Grange Kirkcaldy

BD pioneer and sponsor. Originally from New Zealand – see this paper for more from which the following is extracted – he farmed the Lodge of Auchindoir:

To those identified by Paull and Turbott might be added a forgotten figure with a New Zealand connection: Grange Kirkcaldy (1895–1979), originally from Dunedin. Kirkcaldy was born in New Zealand in 1895. The son of a prominent Dunedin insurance underwriter, he passed the Teachers and Civil Service exam in 1911 and that same year sailed on the Corinthic for London. By 1914 he was student at Corpus Christi College at Cambridge and enlisted in the university brigade before transferring as a 2nd Lieutenant to the Army Service Corps on account of his ability to drive and speak French. Later he served in the Royal Highlanders (Black Watch) rising to Lieutenant by early 1918. In April of that same year Kirkcaldy was captured and remained a prisoner of war in Germany until his repatriation late in 1918 after which he was promoted to Captain. In 1919, he served in the Archangel campaign, the ill-fated Allied intervention in Russia, where he was wounded. Kirkcaldy married Mildred Robertson Nicholl in Chelsea in 1920.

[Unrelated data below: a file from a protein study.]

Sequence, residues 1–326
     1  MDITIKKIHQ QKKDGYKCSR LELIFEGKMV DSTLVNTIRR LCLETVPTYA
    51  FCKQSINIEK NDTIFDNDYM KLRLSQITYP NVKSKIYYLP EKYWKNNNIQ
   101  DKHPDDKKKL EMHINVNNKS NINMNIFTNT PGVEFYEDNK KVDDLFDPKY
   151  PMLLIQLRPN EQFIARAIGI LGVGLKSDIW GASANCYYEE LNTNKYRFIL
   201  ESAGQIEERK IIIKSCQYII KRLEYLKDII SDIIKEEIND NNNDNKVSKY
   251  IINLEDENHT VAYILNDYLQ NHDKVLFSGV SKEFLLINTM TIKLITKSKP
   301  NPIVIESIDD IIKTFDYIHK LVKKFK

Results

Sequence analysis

Mildred was the daughter of Sir William Robertson Nicholl (1851–1923) a Free Church of Scotland minister and influential journalist and newspaper editor. A son by his first marriage was Henry Maurice Dunlop Nicoll (1884–1953) a noted psychiatrist and onetime colleague of Carl Jung. From 1930, when he was placed on the retired list because of ill health Kirkcaldy resided at the Lodge of Auchindoir, Rhynie, Aberdeenshire (Press 1932, p. 15). In 1932, he resigned his commission as a Captain in the Black Watch in order to go farming at Rhynic on land purchased earlier in 1930. The move was inspired by Kirkcaldy and his wife’s shared commitment to Steiner’s anthroposophy (his oldest child attended the Steiner school at Streaham) particularly his viewing of the soil as a ‘living organism’. That said the Press was incorrect in reporting in the same article that biodynamic agriculture was ‘unknown in New Zealand’, but this does signal its embryonic status in the Dominion (Press 1932, p, 14). At the time Kirkcaldy also wrote articles on agriculture for various Scottish newspapers. The success or otherwise of Kirkcaldy’s farming venture and his connections to British biodynamic farmers remains unknown but warrants further attention.

Mildred wrote an appreciation of her husband’s BD work for Star and Furrow